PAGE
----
The true measure then to be taken of our state is from a perceptible change in our desires, tastes, and pleasures; from a sense of progress, however small, in holiness of heart and life. This seems to be the safest rule of judging, for it' mere feelings were allowed to be the criterion, the presumptuous would be inflated with spiritual pride from the persuasion of enjoying them; while the humble, from their very humility, might be as unreasonably depressed at wanting such evidences,

The recognition of this divine aid then, involves no presiunption, raises no illusion, causes no inflation ; it is sober in its principle and rational in its exercise. In establishing the law of God it does not reverse the law of Nature, for it leaves us in full possession of those natural faculties which it improves and sanctities; and so far from inflaming the imagination, its proper tend. Cucy is to subdue and regulate it.

A security which outruns our attainments is a most dangerous state, yet it is a state most unwisely coveted. The probable way to be safe hereafter, is not to be presumptuous now. If God graciously vouchsafe us inward consolation, it is only to animate us to farther progress. It is given us for support in our way, and not for a settled maintepasce in our present condition. If

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the promises are onr aliment, the commandments are our work; and a temperate Christian ought to desire nourishment only in order to carry himn through his business. If he so supinely rest on the one as to grow sensual and indoient, he might become not only unwilling but incapacitated for the performance of the other. We must not expect to live upon cordials, which only serve to inflame without strengthening. Even without these supports, which we are more ready to desire than to put ourselves in the way to obtain, there is an inward peace in an humble trust in God, and in a simple reli. ance on his word; there is a repose of spirit, a freedom from solicitude in a lowly confidence in him, for which the world has nothing to give in exchange.

On the whole then, the state which we have been describing, is not the dream of the Enthusiast; it is not the reverie of the Visionary, who renounces prescribed duties for fanciful speculations, and embraces shadows for realities; but it is that sober earnest of Heaven, that reasonable anticipation of eternal felicity, which God is graciously pleased to grant, not partially, nor arbitrarily, but to all who diligently seek his face, to all to whom his service is freedom, his will a law, his word a delight, his Spirit a guide; to all who love him unfeignedly, to all who devote themselves to him unreserva edly, to all who with deep self-abasement, yet with filial confidence, prostrate themselves at the foot of bis ' * thrope, saying, Lord, lift thou up the light of thy countenance upon us and we shall be safe.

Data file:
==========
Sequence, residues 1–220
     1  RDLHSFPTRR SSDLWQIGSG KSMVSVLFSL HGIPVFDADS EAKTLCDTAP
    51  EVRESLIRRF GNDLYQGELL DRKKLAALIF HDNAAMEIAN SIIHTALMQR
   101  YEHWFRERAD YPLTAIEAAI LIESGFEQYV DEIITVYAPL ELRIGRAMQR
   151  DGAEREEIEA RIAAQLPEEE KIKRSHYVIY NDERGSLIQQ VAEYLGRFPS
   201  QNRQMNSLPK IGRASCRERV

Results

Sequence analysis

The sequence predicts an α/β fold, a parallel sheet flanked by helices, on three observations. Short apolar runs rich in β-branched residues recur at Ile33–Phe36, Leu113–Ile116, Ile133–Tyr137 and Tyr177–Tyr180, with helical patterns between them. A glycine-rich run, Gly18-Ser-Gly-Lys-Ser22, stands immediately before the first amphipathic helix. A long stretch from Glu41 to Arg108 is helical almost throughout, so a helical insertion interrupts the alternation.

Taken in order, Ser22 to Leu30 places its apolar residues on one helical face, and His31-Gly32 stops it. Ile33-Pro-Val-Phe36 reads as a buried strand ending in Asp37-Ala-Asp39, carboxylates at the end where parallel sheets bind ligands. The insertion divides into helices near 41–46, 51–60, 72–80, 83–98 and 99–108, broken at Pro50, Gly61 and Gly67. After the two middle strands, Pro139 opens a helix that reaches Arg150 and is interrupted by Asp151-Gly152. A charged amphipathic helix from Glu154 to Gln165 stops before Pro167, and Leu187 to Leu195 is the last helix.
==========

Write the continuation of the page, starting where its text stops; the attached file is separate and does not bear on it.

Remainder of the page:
CHAP. II.

CHRISTIANITY A PRACTICAL PRINCIPLE.

IF God be the Author of our spiritual life, the root from which we derive the vital principle, with daily supplies to maintain this vitality; then the best evidence we can give that we have received something of this principle, is an unreserved dedication of ourselves to the actual promotion of his glory. No map ought to Aatter himself that he is in the favour of God, whose

life is not consecrated to the service of God. Will it not be the only unequivocal proof of such a consecration, that he be more zealous of good works than those why, disallowing the principle on which he perfornis them, do not even pretend to be actnated by any such motive? "The finest theory never yet carried any man to Heaven. A Religion of notions wirich occupies the mind, witlont filling the heart, mav obstruct, but calinot advance the salvation of men. If these notions are false, they are most pernicious; if true and not operative, they aggravate guilt; if unimportant thongh not unjuist, they occupy the place which belongs to nobler objects, and sink the mind below its proper level; stubstituting the tirings which only ought not to be left undone, in the place of those which ought to be done; and causing the grand essentials not to be done at all. Snch & religion is not that which Christ came to teachi månkind.

All the doctrines of the Gospel are practical principles. The word of God was not written, the Son of God was not incarnate, the Spirit of God was not given, only that Christians might obtain right views, and possess just notions. Religion is something more than mere correctness of intellect, justness of conception, and exactness of judgment. It is a life-giving principle. It must be infused into tbe babit, as well as governi in the understanding; it most regulate the will as well as direct the creed. It must not only cast the opinions, into a new frame, bnt the lieart into a new mould. It is a transforming as well as a penetrating principle. It changes the tastes, gives activity to the inclinations, and, together with a new heart, produces a new life.

Christianity enjoins the same teniper, the same spirit, the same dispositions on all its real professors. The act, the performance, must depend on circumstances which do not depend on us. The power of doing good is withheld from many, from whom, however, the reward will not be withheld. If the external act constituted the whole value of Christian virtne, then must the Author of all good be himself the Author of injustice, by putting it out of the power of multitades to fulfil his own commands. In principles, in tempers, in fervent desires, in holy endeavours, consist the very essence of Christiaa duty.